hanno smesso di esserlo
prima di poter arrivare
non ho potuto nemmeno dettarle
a mio figlio perché non lo vedrò
lui non si ricorderà di me
Reading the poetry included in Sotto il Cielo di Lampedusa offers a powerful and evocative way of reframing the significance of Adorno’s question, once again, during a historical period marked by the tragedy of millions trying to escape the violence of the postcolonial Global South to reach fortress Europe. Can there be poetry after Lampedusa, when Lampedusa becomes the symbolic and metonymic stand-in designing this uninterrupted historical trauma in the Mediterranean? Answering this question means to accept taking a responsibility: it means to avoid, at the same time, both the repressively compassionate position of those who unquestionably and unconditionally identify with migrants – forgetting their own privilege and distance – and the racist bad faith of anyone only capable of dis-identifying from them, who reduce the lives of human beings to a security issue, an exceptional state of emergency with no historical roots, or a socio-economic calculation. Writing poetry after Lampedusa means, in this context, to be able to go beyond both unconditional identification and absolute dis-identification. If, as Hannah Arendt wrote in her 1943 moving essay “We Refugees,” the paradox of the refugee is the appearance of a human being who, for the very first time, is nothing but a human being, perhaps poetry can indicate ways of responding to this appearance without reducing being human to bare life. As a fraught and contingent form of testimony, poetry composed in response to the historical trauma of the European “migration crisis” opens up a space where it is possible to interrogate and to re-figure any kind of representation of migrants, starting from the very subjectivity of the not-yet decolonised peoples of Europe.
 Karl Marx. 1852. “The Eighteenth Brumaire of Louis Bonaparte” https://www.marxists.org/archive/marx/works/1852/18th-brumaire/
 Ann Laura Stoler. 2011. “Colonial aphasia: Race and disabled histories in France.” Public Culture 23.1: 121-156
 Didier Fassin. 2005. “Compassion and Repression: The Moral Economy of Immigration Policies in France.” Cultural Anthropology 20.3: 362–387.
 Sandro Mezzadra and Brett Neilson. 2013. Border as Method, or the Multiplication of Labour. Durham: Duke UP; Nicholas De Genova. 2013. “Spectacles of Migrant ‘Illegality’: The Scene of Exclusion, the Obscene of Inclusion.” Ethnic and Racial Studies 36.7: 1–19.
 Gayatri Chakravorty Spivak and Sarah Harasym. 2014. The post-colonial critic: Interviews, strategies, dialogues. London: Routledge.
 Lewis R. Gordon. 1995. Bad Faith and Antiblack Racism. Atlantic Highlands: Humanities.
 Susan Sontag. 2003. Regarding the Pain of Others. London: Penguin.
 Bruce Robbins. 2017. The Beneficiary. Durham: Duke UP.
 Jean-Paul Sartre. 1961. “Preface to Frantz Fanon’s Wretched of the Earth.” https://www.marxists.org/reference/archive/sartre/1961/preface.htm For an illuminating reading of Sartre in relation to these issues, see Miguel Mellino “Jean-Paul Sartre, La Nausea del Novecento, L’esistenzialismo come crisi dell’Occidente” in Carmine Conelli and Eleonora Meo, eds. Genealogie della Modernita’ Rome: Meltemi, 2017: 257-298.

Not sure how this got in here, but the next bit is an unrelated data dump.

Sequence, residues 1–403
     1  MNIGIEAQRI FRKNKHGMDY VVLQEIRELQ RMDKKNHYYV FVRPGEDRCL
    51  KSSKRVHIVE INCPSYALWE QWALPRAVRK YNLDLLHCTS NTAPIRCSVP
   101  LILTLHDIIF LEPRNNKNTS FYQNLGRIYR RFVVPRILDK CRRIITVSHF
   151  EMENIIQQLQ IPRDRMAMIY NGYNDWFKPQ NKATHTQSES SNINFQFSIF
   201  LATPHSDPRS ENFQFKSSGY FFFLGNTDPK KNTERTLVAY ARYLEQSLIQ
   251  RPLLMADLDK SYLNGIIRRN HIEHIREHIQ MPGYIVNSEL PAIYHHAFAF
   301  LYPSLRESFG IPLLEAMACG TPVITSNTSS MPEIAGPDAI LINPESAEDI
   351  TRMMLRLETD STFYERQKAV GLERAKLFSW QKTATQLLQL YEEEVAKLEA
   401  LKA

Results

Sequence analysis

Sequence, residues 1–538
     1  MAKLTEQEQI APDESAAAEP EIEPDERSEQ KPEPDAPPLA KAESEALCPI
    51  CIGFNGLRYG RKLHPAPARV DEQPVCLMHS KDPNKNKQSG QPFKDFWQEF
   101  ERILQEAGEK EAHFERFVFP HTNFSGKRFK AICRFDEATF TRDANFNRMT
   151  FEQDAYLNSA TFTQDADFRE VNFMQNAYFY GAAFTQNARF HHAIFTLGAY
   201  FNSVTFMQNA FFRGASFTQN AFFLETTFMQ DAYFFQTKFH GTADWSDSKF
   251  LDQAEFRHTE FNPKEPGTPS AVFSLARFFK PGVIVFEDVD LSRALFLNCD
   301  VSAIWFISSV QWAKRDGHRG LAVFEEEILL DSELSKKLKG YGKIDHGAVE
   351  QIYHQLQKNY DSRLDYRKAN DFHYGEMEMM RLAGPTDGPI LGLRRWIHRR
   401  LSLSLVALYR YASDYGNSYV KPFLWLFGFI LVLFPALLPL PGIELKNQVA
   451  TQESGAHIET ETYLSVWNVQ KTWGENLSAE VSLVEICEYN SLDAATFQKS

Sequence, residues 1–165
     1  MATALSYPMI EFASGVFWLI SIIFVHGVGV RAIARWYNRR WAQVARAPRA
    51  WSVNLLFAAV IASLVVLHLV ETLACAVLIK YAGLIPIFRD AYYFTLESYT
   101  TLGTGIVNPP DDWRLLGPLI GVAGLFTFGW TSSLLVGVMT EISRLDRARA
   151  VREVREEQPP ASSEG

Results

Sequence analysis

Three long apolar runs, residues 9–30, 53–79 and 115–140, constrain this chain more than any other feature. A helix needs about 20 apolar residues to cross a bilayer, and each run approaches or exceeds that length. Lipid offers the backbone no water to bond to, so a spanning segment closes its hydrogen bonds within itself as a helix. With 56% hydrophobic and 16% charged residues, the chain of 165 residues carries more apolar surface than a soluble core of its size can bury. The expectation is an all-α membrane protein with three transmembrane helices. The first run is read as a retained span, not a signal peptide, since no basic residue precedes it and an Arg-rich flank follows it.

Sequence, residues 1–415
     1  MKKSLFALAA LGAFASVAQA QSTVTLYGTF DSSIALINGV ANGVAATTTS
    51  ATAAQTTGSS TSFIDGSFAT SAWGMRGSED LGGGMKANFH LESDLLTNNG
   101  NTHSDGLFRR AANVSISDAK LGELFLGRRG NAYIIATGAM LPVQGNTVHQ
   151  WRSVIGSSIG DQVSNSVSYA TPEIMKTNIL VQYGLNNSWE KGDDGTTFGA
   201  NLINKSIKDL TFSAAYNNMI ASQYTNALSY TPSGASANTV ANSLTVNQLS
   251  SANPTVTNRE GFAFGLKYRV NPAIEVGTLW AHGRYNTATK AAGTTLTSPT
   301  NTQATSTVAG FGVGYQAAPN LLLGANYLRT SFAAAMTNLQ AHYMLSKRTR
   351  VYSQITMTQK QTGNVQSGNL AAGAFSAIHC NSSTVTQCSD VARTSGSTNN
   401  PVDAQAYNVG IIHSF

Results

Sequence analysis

Theodor Adorno. 1980. “Commitment.” In Aesthetics and Politics. Trans. Ronald Taylor, 177–195. London: Verso. See also Theodor Adorno. 1973. Negative Dialectics. Trans. E.B. Ashton. London: Routledge.
 MultiVERSI. 2015. Sotto il Cielo di Lampedusa. Vol. 2. Milan: Rayuela.
 Giorgio Agamben. 2002. Remnants of Auschwitz. Trans. Daniel Heller-Roazen. New York: Zone.
 André Green. 1996. On Private Madness. London: Karnac.
 Gloria Anzaldúa. 1981. Borderlands/La Frontera. San Francisco: Aunt Lute.
 Hannah Arendt. 1943. “We Refugees.” In Marc Robinson, ed. Altogether Elsewhere. 110-119. London: Faber, 1994. Agamben reflects on the essay by Arendt in Giorgio Agamben. 1995. “We Refugees” Symposium 49.2: 114-119.
I am a Lecturer in Postcolonial and World Literature. After gaining a PhD in Postcolonial Studies from the University of Kent, I joined Liverpool John Moores University where I lead modules in postcolonial literature, migration writing and world literature. My first monograph, Postcolonial Custodianship: Cultural and Literary Inheritance (Routledge 2014) engages with influential writers and critics, such as Arundhati Roy and Gayatri Chakravorty Spivak, in order to rethink the figure of the postcolonial intellectual. I propose the term “custodianship” as an ethical subject able to go beyond both nativism and cultural appropriation.
After completing my first monograph, I developed my research interests in postcolonial and world literature, migration studies, critical theory and Marxism. I have guest-edited and contributed to a special issue of the journal New Formations on Rosa Luxemburg and the Postcolonial Condition (featuring contributions by Benita Parry, Stephen Morton, Peter Hudis and Paul LeBlanc among others), and authored works on Frantz Fanon, Arundhati Roy, Anita Desai, and migration studies in journals such as College Literature, Interventions, Wasafiri, ARIEL and the Journal of Postcolonial Writing. I am now section editor of the journal Postcolonial Text and, with Deepika Bahri, co-editor of a project on South Asian literature for the Publications of the Modern Language Association. I am currently at work on my second monograph under contract for publication in the prestigious Palgrave New Comparisons in World Literature series, edited by Neil Lazarus and Pablo Mukherjee.
Alongside my main research, I have been engaged in solidarity with migrants and refugees by organising activities on “Visa Stories: Experiences between Law and Migration” in collaboration with Kent Refugee Help in 2011-2013, and I am now co-organising a conference titled ‘Representing Disembarkation: Migrations, Arrivals, Territories’ in collaboration with the University of Naples L’Orientale (Italy). Confirmed keynote speakers are Sandro Mezzadra, Iain Chambers, Miguel Mellino and Tiziana Terranova. My teaching philosophy is driven by the politics of decolonising the curriculum and, at LJMU, I have been nominated and shortlisted for a Liverpool Student Union Amazing Teacher Award.